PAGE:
This information is generalized and not intended as specific medical advice. Consult your healthcare professional before taking or discontinuing any drug or commencing any course of treatment.
Severe. These medicines may interact and cause very harmful effects and are usually not taken together. Contact your healthcare professional (e.g. doctor or pharmacist) for more information.
How the interaction occurs:
Both atazanavir and indinavir can increase the amount of bilirubin in your blood.
What might happen:
Your skin and the whites of your eyes may turn yellow. You may have abdominal pain.
What you should do about this interaction:
Contact your healthcare professional (e.g. doctor or pharmacist) right away about using these medicines together. Your doctor may want to run some blood test on you. Let your doctor know if you have any yellowing of the eyes or skin or any abdominal pain.Your healthcare professionals may already be aware of this interaction and may be monitoring you for it. Do not start, stop, or change the dosage of any medicine before checking with them first.
1.Reyataz (atazanavir sulfate) US prescribing information. Bristol-Myers Squibb Company May, 2017.
2.Reyataz (atazanavir sulfate) Australian product information. Bristol-Myers Squibb Pharmaceuticals January 8, 2004.
3.Crixivan (indinavir sulfate) US prescribing information. Merck & Co., Inc. September, 2016.
4.Wensing AM, van Maarseveen NM, Nijhuis M. Fifteen years of HIV Protease Inhibitors: raising the barrier to resistance. Antiviral Res 2010 Jan; 85(1):59-74.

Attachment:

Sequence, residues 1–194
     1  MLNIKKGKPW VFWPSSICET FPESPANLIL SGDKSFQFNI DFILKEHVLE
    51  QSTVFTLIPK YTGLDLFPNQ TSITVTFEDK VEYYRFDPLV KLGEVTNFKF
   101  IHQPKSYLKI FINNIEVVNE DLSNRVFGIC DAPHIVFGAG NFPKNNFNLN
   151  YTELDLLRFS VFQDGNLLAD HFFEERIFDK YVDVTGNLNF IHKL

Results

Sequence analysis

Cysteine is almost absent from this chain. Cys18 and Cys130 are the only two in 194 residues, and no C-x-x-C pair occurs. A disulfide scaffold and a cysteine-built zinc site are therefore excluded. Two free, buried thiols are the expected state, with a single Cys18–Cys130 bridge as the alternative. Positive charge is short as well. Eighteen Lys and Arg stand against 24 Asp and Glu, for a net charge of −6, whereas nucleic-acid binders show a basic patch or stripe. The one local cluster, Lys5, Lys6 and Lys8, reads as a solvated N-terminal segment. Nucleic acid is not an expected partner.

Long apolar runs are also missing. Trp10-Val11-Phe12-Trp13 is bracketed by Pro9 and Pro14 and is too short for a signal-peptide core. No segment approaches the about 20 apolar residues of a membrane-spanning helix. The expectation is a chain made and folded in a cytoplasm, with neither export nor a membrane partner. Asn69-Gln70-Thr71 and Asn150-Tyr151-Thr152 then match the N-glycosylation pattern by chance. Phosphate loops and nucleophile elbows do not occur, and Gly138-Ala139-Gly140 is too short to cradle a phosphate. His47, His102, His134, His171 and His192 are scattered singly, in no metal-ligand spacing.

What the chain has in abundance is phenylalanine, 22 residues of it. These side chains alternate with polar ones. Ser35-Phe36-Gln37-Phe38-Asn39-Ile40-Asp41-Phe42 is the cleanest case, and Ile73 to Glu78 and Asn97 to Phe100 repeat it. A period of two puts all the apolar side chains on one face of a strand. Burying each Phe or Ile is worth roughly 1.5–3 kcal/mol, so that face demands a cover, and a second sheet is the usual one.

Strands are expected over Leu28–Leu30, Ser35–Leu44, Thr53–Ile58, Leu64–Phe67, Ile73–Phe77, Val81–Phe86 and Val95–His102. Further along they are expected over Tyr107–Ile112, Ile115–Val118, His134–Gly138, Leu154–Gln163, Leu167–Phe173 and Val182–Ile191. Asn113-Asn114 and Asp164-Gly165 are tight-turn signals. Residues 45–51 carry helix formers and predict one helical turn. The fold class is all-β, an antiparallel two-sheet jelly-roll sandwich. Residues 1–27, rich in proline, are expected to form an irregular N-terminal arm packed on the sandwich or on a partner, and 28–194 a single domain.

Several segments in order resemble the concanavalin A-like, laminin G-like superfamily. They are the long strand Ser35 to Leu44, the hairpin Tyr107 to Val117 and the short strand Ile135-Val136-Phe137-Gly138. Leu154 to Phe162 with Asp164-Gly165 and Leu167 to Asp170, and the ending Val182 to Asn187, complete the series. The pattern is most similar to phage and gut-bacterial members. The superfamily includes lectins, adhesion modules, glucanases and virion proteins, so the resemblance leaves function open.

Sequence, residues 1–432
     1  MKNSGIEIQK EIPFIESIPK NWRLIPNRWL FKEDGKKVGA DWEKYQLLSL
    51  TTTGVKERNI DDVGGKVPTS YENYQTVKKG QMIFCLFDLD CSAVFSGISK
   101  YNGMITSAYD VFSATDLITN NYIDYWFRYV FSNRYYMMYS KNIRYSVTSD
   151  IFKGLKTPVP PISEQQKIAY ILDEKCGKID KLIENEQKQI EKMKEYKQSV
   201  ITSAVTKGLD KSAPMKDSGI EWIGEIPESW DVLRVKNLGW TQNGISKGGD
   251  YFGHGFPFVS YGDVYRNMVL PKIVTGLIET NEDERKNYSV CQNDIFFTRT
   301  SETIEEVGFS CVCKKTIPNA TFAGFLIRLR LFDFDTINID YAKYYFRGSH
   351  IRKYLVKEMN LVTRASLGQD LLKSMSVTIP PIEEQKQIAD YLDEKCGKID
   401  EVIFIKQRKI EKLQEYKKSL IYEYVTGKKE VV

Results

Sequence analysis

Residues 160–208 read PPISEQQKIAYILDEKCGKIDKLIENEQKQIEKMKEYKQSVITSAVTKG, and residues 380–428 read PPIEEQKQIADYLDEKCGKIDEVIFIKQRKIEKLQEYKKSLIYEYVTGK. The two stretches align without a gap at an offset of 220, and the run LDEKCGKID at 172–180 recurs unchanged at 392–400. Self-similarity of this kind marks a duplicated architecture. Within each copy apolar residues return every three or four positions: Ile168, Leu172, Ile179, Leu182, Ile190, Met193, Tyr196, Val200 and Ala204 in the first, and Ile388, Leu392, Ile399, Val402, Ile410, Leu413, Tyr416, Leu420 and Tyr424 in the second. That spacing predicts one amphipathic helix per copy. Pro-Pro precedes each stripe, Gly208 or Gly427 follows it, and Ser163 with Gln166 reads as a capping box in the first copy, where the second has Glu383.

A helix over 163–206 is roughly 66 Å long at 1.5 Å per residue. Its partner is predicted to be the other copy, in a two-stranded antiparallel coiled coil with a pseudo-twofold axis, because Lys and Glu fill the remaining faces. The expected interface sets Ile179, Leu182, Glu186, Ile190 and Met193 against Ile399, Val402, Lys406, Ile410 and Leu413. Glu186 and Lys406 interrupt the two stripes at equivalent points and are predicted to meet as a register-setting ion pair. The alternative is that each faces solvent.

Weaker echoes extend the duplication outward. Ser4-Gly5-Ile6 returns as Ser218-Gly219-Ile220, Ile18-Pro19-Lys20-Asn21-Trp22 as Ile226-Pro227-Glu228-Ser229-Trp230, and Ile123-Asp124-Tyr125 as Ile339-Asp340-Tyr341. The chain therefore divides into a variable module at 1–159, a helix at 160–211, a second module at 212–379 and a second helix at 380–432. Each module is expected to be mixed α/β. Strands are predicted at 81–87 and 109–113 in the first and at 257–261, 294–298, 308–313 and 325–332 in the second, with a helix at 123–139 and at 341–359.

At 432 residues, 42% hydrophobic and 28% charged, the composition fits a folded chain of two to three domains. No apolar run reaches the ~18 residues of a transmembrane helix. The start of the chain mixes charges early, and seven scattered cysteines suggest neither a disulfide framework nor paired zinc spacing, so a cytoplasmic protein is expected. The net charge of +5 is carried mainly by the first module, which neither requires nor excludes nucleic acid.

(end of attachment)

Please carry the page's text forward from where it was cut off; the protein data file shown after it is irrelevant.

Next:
5.Zucker SD, Qin X, Rouster SD, Yu F, Green RM, Keshavan P, Feinberg J, Sherman KE. Mechanism of indinavir-induced hyperbilirubinemia. Proc Natl Acad Sci U S A 2001 Oct 23;98(22):12671-6.
6.Sulkowski MS. Drug-induced liver injury associated with antiretroviral therapy that includes HIV-1 protease inhibitors. Clin Infect Dis 2004 Mar 1;38 Suppl 2:S90-7.
7.Bosma PJ, Chowdhury JR, Bakker C, Gantla S, de Boer A, Oostra BA, Lindhout D, Tytgat GN, Jansen PL, Oude Elferink RP, et al. The genetic basis of the reduced expression of bilirubin UDP-glucuronosyltransferase 1 in Gilbert's syndrome. N Engl J Med 1995 Nov 2;333(18):1171-5.
8.Rotger M, Taffe P, Bleiber G, Gunthard HF, Furrer H, Vernazza P, Drechsler H, Bernasconi E, Rickenbach M, Telenti A. Gilbert syndrome and the development of antiretroviral therapy-associated hyperbilirubinemia. J Infect Dis 2005 Oct 15;192(8):1381-6.